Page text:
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New Pension Accounting Rules Roll Out

The Governmental Accounting Standards Board released new rules that are expected to become final next year.



They’re cut, dried and dense. Accounting rules are something only a bean counter could love. But they can also repaint the landscape of municipal finance. That’s likely to be the case with new pension accounting rules spelled out by the Governmental Accounting Standards Board (GASB) in an exposure draft released this summer. The rules are expected to become final next year.

Under them, pension liabilities will have to be displayed on the balance sheet and the “true cost” of pension benefits must be reported in the operating statement -- even if the employer fails to make the necessary annual contributions. That true cost will be higher than most employers now pay.

There are other implications -- some helpful, some challenging. Labor negotiators will benefit from increased transparency. They will finally have a better way to show the impact of promised benefits and the fiscal consequences of future proposed benefit increases.

As to the challenges, the amortization of unfunded liabilities will be accelerated, which will result in higher actuarially calculated employer contributions. Translation: Accumulated pension debt must be repaid faster under the new standards, resulting in even-higher pension costs.

Budget officers will need to prepare for this in their 2013-2014 fiscal year budgets. Some states and large municipalities with $1 billion pension plans will have to address these changes as early as next summer.

The rules are not yet set in stone. After they complete public hearings this month, GASB may do some tweaking of how they calculate such technical aspects as the discount rate for valuing future liabilities on today’s books and how employers amortize certain expenses. But there is little doubt that employers’ financial statements are going to change, with greater emphasis on visibility. Footnote disclosures will also be far more comprehensive and transparent, with more-revealing facts for investors and citizens.

To prepare for all this, here’s a list of actions to consider:

• Have your actuaries prepare 15-year projections of your future contributions under the proposed GASB guidelines versus your current contribution policies, along with the resultant funding ratios. A 10-year projection, which is now under discussion by the National Association of Bond Lawyers, will fail to show whether your amortization policy is “kicking the can” to future taxpayers, or whether you’ll pay off the bills before today’s average worker will retire.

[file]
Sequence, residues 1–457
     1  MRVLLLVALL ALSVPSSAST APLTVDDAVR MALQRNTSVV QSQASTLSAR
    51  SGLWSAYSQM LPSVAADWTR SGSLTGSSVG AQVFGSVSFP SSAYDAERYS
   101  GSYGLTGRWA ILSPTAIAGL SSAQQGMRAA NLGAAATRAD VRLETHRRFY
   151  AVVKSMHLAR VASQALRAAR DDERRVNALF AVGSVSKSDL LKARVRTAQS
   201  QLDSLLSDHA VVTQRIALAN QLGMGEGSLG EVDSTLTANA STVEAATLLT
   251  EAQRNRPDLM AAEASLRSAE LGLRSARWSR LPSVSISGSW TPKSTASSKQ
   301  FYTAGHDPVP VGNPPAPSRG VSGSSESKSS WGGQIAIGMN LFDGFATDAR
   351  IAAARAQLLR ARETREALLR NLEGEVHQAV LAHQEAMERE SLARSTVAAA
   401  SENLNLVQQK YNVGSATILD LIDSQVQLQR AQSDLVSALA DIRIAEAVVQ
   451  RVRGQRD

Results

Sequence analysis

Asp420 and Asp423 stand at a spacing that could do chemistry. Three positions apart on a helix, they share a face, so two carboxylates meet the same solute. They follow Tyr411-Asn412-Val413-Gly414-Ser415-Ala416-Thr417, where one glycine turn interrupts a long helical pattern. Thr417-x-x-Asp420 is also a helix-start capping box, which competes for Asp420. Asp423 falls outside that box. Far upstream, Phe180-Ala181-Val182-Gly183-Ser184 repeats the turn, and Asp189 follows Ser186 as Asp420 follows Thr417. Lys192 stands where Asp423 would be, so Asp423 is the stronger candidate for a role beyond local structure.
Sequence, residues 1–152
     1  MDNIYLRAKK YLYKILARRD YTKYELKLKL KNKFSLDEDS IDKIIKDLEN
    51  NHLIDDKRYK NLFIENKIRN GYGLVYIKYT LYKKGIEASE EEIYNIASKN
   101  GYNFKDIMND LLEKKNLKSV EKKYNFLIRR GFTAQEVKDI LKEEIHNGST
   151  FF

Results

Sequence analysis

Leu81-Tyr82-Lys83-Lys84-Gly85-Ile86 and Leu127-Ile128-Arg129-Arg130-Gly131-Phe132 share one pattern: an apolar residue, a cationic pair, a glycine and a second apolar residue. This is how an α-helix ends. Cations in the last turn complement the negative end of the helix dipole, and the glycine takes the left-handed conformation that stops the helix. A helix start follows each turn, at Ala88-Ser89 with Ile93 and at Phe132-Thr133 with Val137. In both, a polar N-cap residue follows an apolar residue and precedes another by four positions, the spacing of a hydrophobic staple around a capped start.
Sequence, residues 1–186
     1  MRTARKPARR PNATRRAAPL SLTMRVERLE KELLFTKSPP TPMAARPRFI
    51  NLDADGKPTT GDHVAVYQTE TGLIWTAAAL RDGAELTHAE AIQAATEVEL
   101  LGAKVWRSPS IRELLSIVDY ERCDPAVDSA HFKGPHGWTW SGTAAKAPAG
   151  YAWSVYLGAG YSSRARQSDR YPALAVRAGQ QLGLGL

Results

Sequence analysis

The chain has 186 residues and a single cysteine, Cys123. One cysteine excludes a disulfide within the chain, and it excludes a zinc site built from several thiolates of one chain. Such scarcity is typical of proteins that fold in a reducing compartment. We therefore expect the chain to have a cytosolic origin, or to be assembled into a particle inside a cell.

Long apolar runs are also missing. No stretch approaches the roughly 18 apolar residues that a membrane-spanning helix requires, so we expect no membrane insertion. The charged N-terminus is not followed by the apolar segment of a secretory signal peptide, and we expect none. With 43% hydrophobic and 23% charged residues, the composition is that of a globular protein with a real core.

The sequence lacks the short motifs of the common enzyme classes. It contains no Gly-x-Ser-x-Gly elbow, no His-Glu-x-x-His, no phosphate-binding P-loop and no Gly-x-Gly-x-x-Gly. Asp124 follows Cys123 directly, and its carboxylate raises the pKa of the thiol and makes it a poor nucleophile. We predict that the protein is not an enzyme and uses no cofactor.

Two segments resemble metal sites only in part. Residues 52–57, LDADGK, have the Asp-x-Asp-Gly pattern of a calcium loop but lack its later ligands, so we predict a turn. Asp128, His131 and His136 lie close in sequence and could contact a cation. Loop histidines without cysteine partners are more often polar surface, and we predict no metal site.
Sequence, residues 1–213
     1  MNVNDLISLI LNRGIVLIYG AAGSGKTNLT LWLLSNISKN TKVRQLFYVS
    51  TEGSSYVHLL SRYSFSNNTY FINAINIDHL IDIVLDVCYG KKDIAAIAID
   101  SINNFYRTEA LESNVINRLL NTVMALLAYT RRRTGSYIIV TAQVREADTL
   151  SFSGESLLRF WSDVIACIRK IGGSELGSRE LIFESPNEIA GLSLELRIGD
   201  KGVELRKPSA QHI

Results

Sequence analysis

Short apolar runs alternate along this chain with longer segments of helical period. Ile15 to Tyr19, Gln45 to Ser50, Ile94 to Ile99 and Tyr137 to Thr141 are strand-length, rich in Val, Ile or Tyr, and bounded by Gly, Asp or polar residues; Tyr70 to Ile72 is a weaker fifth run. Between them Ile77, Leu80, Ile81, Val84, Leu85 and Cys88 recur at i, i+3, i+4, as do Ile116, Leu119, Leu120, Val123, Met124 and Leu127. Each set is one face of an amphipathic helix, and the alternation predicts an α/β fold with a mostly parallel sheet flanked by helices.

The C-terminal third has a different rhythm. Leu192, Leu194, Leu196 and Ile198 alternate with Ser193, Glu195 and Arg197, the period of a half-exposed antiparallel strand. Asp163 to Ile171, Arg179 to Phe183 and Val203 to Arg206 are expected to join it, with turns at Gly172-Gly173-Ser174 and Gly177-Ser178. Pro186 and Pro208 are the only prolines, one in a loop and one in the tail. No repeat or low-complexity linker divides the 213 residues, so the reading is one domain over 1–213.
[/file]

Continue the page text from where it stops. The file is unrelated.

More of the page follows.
• Intensify efforts to cut the costs of retiree benefits through various mitigation techniques, such as raising employee contributions for pensions, requiring employee contributions for other post-employment benefit (OPEB) plans, changing benefits formulas for future employees and for current employees where legally permitted.

• Start discussing the data with labor unions now, especially if negotiations are under way. The national labor leaders know that GASB’s truth squad is on the horizon.

• Plan your approach to the investment community. Before your next bond issue, you will want to have a clear and concise explanation for the rating agencies of how the numbers will show on your books and what this will do to their standard financial ratios.

• Meet with your pension officials and begin candid discussions of what you will be able to afford to contribute toward their plan in the future. A complete sustainability analysis requires evaluation of the benefits, the full cost of those benefits over the remaining service lives of today’s workers, and a multiyear financial forecast of the employer’s total revenues and expenditures to see if the benefits can really be supported. Only the CFOs and budget directors of the employer can pull all this information together, so they must take the lead on this work.

Although these accounting rules apply only to pensions, the net will widen. GASB has begun a parallel study project for OPEBs, such as retiree medical plans that will inevitably need to follow the same or similar standards.


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